"When Supplina Kellogg died in 1848, his sons, Lauren and John, succeeded to the business. They had worked in the oil mill with their father, and had been reared by him to habits of industry and thrift. They were quick to perceive that the business had outgrown the possibilities of their rural location, and so, in 1850, it was removed to an old stone building in Amsterdam, which had formerly been used as a distillery. In its new location the water power of the Chuctanunda was still available, while the problems of labor created by their expanding trade were more easily solved in the growing manufacturing town, and transportation by rail and Erie canal was immediately at hand.

"Lauren Kellogg survived his father only five years. His death occurred three years after the removal to Amsterdam, in 1853, when James A. Miller, representing the heirs of Lauren, was admitted to partnership and the firm name became Kellogg & Miller. For sixty-three years John Kellogg ably directed the business, inspiring and guiding its development. Soon after the removal to Amsterdam, two stories were added to the old distillery building, the dam was repaired and the property otherwise improved. The increased product of the mill made it necessary to buy seed in larger quantities than the farmers of the vicinity could produce, although encouraged by the firm through the loan of seed to plant increased acreage. At that time Boston was the center of importation of India seed and from that city the firm was obliged to procure most of its supplies. The capacity of the mill was increased to four sets of stones for grinding the seed and the necessary presses for extracting the oil. These presses were run by hand and the work was very laborious. Soon becoming obsolete, the old machinery was replaced by modern appliances; newer methods and more adequate means for extracting the oil and treating the by-products were introduced. Additional buildings were constructed for the storage of raw material imported from India. The dam was enlarged and the water power increased fourfold.

"In 1872 there were admitted to the firm George Kellogg, son of John, and Spencer Kellogg, son of Lauren. The firm name became Kelloggs & Miller. In 1877, after but five years' membership, Spencer Kellogg sold his entire interest, holdings and rights to his cousin, George, retiring from the firm and removing from Amsterdam. In 1879 to better accommodate the constantly increasing business, a branch railroad was built, connecting the mill with the New York Central Railroad. This railroad is two miles in length. In the savings and efficiency that it has created, it is an example of John Kellogg's vision and courage. An unhappy incident of the opening of the branch was an accident to George Kellogg, whereby he lost his left arm by falling from a freight train in motion. In 1879 Lauren Kellogg, a younger brother of George, was admitted to the partnership. In 1896 James A. Miller retired from the firm. In 1911 John Kellogg died, and the surviving partners, his sons, George and Lauren, have since conducted the business.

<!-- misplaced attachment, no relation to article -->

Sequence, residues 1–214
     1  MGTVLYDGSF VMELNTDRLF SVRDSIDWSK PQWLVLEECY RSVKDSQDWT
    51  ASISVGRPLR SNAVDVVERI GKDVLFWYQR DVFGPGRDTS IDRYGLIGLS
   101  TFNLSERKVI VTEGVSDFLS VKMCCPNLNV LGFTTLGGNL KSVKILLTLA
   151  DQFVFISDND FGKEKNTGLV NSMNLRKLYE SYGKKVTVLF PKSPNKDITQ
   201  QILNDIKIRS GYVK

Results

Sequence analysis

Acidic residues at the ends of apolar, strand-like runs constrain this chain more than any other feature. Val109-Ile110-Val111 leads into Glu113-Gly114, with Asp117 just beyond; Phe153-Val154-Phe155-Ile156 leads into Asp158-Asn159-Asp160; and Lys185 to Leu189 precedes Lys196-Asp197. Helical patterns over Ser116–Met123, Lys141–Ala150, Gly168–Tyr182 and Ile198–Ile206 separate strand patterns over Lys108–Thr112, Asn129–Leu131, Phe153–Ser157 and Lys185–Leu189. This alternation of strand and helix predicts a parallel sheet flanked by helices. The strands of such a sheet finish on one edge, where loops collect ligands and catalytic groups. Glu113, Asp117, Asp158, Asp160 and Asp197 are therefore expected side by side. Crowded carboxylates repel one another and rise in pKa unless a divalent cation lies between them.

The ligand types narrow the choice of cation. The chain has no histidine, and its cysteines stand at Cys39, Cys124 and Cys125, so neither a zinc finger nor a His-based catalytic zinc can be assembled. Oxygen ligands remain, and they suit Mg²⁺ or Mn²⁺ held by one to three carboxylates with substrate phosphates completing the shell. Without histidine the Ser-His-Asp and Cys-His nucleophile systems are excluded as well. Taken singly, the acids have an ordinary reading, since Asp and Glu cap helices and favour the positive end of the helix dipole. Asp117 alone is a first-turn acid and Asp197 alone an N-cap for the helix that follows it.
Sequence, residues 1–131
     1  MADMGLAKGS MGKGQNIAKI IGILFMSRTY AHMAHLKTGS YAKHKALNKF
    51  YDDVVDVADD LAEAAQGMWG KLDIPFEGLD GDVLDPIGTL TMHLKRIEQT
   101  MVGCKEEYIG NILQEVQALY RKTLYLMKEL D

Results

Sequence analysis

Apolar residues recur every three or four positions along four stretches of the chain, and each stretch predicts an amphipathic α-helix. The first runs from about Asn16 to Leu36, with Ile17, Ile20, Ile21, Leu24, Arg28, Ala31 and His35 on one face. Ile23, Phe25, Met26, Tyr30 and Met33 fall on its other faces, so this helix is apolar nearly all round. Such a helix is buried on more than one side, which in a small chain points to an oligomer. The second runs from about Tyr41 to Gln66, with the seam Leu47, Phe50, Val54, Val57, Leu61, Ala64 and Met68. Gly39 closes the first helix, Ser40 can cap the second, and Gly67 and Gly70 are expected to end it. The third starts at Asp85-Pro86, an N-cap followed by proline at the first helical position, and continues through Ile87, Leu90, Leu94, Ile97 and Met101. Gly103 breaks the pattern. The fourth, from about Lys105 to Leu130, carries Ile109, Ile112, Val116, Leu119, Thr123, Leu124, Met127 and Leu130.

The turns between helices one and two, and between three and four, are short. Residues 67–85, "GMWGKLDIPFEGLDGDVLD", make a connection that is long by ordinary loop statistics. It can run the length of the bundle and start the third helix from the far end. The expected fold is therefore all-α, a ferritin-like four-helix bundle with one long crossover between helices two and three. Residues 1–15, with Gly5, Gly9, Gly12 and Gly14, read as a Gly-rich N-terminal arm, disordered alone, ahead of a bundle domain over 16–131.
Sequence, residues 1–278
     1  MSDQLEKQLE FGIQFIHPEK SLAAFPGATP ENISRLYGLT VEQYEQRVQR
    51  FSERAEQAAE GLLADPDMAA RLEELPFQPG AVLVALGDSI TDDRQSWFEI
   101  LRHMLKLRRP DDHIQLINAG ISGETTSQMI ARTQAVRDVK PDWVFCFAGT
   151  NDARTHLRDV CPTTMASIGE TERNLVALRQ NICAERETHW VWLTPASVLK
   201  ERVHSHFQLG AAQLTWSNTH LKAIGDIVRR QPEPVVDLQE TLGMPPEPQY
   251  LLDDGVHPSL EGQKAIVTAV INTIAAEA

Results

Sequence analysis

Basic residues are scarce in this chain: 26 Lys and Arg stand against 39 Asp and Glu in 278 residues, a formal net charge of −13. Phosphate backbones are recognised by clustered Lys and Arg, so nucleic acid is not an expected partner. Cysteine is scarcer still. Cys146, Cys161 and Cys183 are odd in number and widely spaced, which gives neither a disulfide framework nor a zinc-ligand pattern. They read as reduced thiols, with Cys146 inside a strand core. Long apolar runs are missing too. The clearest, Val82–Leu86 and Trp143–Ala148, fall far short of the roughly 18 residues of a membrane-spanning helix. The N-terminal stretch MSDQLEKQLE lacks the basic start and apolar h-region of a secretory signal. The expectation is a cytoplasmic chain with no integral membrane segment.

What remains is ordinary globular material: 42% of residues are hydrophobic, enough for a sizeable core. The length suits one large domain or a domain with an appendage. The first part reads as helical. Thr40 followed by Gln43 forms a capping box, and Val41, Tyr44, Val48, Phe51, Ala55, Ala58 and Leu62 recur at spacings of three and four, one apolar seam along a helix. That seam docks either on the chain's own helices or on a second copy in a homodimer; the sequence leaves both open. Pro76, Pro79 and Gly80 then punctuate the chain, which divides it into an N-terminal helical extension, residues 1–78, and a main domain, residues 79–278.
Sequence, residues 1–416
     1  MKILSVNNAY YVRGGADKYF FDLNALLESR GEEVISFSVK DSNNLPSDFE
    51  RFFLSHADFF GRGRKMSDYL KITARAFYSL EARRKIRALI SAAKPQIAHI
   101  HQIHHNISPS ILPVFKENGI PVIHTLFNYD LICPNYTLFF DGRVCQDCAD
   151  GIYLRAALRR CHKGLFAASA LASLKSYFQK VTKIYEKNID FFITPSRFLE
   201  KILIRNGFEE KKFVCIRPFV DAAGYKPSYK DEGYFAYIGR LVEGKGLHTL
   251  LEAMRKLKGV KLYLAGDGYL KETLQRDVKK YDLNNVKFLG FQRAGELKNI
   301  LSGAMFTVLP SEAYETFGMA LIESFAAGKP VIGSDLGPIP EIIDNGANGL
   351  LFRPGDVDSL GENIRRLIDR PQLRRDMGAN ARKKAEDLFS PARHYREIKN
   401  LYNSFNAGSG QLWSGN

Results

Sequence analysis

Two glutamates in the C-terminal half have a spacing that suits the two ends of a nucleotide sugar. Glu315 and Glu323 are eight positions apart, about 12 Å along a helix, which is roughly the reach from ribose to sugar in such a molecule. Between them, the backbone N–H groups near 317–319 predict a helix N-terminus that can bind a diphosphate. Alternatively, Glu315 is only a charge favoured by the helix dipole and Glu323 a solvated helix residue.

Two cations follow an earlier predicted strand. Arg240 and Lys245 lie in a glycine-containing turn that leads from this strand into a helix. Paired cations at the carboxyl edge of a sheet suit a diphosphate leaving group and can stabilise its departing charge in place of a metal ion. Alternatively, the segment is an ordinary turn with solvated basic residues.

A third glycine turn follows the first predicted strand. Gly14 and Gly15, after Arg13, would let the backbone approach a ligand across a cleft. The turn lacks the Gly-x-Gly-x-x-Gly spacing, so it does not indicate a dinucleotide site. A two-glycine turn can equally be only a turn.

"In the present commodious, modern factory two grandsons of Supplina Kellogg celebrate in 1924 a rounded century of business by a family and a firm. The founder of the house lived in a post-war period. He knew its difficulties and its opportunities and had the acumen to construct out of these elements a foundation upon which his son, through more than half a century of devotion, was able to erect a substantial commercial structure. In their example and success lies a prophecy, it is hoped, of the extended prosperity and usefulness of this house in the second century of its existence. Looking back over a hundred years of steady progress in the measure and methods of its business, Kelloggs & Miller look forward into the future with confidence that the coming years hold promise of new opportunities and new possibilities for growth and service."

John Kellogg made the firm of Kelloggs & Miller one of the most substantial commercial houses in New York state. Not only was he the principal factor in the success of his house, but the progress and prosperity of the city of Amsterdam were largely influenced by his character, energy, generosity and vision. Never a man of one idea or one line of effort, John Kellogg always gave his active support to everything that would make for the betterment of his community. Broad in his own views, he was always ready to concede to others that liberality of thought and deed that he demanded for himself. This was a prominent trait in his character. He aided in establishing the Amsterdam Academy and served as trustee. He served on the board of water commissioners, was president of the Farmers' National Bank, director of the Chuctanunda Gas Light Company, vice president of the Green Hill Cemetery Association, and incorporator and treasurer of the Reservoir Company that has done so much for Amsterdam industries, and a director of the Board of Trade. Mr. Kellogg was elected to represent his district in the New York state legislature and was a member of the republican state committee.

On the 11th of September, 1850, John Kellogg was married to Olive, daughter of Benjamin Davis of Galway, Saratoga county, New York. She died April 14, 1909, in her eighty-fourth year, after nearly sixty years of happy marriage, during all of which she was a worthy comrade, facing the problems of life shoulder to shoulder with her husband. She was prominent in the religious, charitable and social circles of Amsterdam. One daughter, Mrs. Howland Fish of Fulton county, did not survive her parents. Three children survive: Anna, wife of Samuel Stryker of New York and New Jersey, who has one son, S. Kellogg, born February 5, 1902; George, who is mentioned at length on another page of this work; and Lauren, a sketch of whom also appears elsewhere.